• He argued Pope Francis forms a “triptych” with his predecessors St. John Paul II and emeritus Pope Benedict XVI, saying they “had to secure the basics of Catholic teaching, which were seriously menaced,” while Francis brings a keen sense of “where people stand, where they are, how their lives are, and where they have to be led.”
    • He acknowledged that the cardinals who elected Pope Francis didn’t quite know what they were getting – though, he laughs, since he expected to be surprised, in a sense Francis has turned out to be precisely what he anticipated.
    • He insisted that the categories of left v. right should be “forgotten” when trying to understand the Church. St. Thomas Aquinas, he says, wasn’t conservative or progressive, but “simply bright and Catholic.”
    • We can’t take for granted that the faith won’t die out in contemporary Western Europe the way it did historically in Turkey and North Africa, Schönborn said, but he nevertheless sees signs of hope – principally in immigrants bringing a vibrant faith to the Old Continent, and in small pockets of committed young believers.
    https://cruxnow.com/interviews/2017...-says-amoris-means-tougher-line-divorce-west/
     
  2. Mac

    Mac "To Jesus, through Mary"

    Maybe Schonborn should make and take seriously the Spiritual Exercises of St. Ignatius of Loyola.
    Then we wouldnt have to read his diabolical disorientation....
    Cardinal Schönborn spoke in the interview about a gay friend of his who, after many temporary relationships, is now in a stable relationship. “It’s an improvement,” he said. They share “a life, they share their joys and sufferings, they help one another. It must be recognised that this person took an important step for his own good and the good of others, even though it certainly is not a situation the Church can consider ‘regular’.”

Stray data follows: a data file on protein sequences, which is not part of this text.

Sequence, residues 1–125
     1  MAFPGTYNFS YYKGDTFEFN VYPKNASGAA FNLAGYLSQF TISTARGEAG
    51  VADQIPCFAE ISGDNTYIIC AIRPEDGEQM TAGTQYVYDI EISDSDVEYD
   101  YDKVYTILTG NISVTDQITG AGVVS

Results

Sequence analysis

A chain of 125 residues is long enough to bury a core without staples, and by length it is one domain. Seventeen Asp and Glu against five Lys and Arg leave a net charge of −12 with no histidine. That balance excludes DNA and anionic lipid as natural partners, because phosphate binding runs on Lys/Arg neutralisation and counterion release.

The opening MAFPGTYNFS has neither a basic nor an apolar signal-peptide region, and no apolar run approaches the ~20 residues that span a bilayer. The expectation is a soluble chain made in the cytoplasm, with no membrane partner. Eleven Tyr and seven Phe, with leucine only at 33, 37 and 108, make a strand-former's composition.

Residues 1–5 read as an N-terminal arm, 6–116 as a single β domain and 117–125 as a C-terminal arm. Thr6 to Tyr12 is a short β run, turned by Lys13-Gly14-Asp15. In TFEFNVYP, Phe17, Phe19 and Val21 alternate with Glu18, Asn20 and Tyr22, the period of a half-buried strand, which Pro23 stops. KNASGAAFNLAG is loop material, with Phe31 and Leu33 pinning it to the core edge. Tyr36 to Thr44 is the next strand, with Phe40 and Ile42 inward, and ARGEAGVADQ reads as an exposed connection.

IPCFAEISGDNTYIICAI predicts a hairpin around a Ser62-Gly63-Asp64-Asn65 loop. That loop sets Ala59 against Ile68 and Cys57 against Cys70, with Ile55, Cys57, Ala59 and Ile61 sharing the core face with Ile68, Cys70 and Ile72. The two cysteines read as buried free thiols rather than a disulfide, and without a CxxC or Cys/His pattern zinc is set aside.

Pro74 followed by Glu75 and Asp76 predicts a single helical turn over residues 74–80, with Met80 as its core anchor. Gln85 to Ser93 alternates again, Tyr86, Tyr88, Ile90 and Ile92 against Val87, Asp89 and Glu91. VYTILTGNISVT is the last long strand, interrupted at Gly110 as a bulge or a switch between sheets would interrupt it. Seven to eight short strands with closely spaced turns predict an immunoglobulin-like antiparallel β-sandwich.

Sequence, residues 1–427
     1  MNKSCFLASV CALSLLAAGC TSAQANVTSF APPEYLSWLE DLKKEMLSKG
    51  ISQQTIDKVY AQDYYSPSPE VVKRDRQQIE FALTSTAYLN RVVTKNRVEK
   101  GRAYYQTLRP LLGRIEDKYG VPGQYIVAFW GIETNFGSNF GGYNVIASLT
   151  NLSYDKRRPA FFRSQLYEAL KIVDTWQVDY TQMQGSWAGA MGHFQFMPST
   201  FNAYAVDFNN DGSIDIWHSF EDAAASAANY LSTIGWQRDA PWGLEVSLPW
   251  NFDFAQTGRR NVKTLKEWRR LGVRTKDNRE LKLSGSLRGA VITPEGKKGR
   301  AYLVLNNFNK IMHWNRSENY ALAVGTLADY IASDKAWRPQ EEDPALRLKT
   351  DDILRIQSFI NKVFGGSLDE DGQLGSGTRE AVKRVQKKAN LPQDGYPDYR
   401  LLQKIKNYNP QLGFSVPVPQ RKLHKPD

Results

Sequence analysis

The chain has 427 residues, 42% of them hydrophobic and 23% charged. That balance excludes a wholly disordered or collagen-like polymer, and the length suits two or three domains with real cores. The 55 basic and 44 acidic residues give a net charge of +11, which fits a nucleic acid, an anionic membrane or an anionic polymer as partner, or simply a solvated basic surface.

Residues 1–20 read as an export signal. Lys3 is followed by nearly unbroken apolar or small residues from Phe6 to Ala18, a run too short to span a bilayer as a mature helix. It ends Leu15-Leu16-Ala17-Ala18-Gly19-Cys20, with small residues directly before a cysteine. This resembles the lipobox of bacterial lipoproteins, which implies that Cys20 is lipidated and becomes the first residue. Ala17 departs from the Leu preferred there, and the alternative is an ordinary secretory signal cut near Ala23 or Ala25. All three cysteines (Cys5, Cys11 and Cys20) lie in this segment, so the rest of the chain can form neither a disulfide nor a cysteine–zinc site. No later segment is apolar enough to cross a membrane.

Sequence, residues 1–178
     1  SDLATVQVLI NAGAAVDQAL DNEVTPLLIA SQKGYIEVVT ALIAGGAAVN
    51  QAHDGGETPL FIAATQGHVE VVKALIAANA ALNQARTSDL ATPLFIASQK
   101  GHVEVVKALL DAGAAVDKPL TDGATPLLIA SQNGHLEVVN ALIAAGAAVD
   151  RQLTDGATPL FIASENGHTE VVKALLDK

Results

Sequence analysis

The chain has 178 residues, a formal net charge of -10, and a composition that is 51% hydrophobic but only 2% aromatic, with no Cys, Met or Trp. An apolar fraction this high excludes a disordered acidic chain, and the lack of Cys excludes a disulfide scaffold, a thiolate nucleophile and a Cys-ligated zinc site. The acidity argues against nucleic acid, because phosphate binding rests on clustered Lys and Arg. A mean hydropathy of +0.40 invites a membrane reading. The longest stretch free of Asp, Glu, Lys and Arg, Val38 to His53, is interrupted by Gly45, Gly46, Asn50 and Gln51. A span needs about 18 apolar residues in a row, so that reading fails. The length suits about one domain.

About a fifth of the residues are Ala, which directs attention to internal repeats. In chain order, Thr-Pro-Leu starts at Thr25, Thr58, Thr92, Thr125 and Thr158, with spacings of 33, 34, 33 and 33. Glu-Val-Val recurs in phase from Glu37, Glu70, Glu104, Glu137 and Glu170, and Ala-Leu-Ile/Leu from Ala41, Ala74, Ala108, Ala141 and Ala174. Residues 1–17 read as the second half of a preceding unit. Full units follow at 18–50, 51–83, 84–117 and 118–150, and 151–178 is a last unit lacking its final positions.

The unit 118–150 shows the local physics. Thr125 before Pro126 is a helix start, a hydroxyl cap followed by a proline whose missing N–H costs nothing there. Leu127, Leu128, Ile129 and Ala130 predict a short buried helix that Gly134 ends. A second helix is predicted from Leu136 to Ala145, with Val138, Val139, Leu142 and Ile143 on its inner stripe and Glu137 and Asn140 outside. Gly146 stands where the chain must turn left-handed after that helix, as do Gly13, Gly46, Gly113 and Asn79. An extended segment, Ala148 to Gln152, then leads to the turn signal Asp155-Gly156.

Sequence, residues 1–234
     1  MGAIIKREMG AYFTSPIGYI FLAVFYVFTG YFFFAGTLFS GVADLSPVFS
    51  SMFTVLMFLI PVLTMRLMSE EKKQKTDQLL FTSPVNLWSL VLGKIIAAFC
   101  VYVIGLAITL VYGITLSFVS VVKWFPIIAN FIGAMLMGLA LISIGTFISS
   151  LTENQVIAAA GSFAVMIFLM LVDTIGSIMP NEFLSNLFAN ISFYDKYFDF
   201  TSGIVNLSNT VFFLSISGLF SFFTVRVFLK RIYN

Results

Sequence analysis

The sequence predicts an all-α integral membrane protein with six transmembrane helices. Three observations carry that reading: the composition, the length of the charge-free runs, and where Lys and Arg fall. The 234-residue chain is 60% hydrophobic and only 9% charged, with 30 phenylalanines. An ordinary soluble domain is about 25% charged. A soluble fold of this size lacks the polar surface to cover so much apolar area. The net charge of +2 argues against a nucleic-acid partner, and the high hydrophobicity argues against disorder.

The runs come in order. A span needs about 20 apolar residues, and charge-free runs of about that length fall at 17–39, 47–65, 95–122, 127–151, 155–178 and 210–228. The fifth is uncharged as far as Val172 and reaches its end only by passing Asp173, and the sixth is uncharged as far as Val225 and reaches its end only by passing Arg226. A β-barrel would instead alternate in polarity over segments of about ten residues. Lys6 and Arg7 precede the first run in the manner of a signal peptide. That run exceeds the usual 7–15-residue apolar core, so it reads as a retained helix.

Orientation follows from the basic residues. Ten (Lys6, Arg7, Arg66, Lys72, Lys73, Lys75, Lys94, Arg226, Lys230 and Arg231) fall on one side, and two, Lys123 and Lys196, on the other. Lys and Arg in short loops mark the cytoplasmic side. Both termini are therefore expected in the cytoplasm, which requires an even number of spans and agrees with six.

Our Lady of Fatima,pray for us.
     
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  3. davidtlig

    davidtlig Powers

    Mac, you confirm the quote of Pope Francis - The rigorist knows everything in advance

     
  4. Fatima

    Fatima Powers

    davidtlig, a serious question to you. Was Jesus a "rigorist"? He clearly clarified the deadly sins on divorce and remarriage as adultery. He clearly clarified the teaching on Sodomy (homosexuality), that according to Schonbron is an "improvement" so long as you just have one gay partner. This is sick Christianity at the best. It is pure perverted and demonic. No where in scripture can you come close to finding Sodomy as "an improvement" in any form. God help those who think otherwise.

    "And reducing the cities of the Sodomites, and of the Gomorrhites, into ashes, condemned them to be overthrown, making them an example to those that should after act wickedly."
    [2 Peter 2:6]

    If in your mind Jesus in not a "rigorist", as it comes to faith and moral teachings, please explain why not?

    If being a "rigorist" means being faithful to the Christ and his Churches unchanging doctrines on faith and morals then count me in too!!
     
    Last edited: Jun 1, 2017
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  5. davidtlig

    davidtlig Powers

    No, Jesus was not a 'rigorist'. He was Mercy.

    Pope Francis often refers to the case of the conversion of Zacchaeus from the Gospels.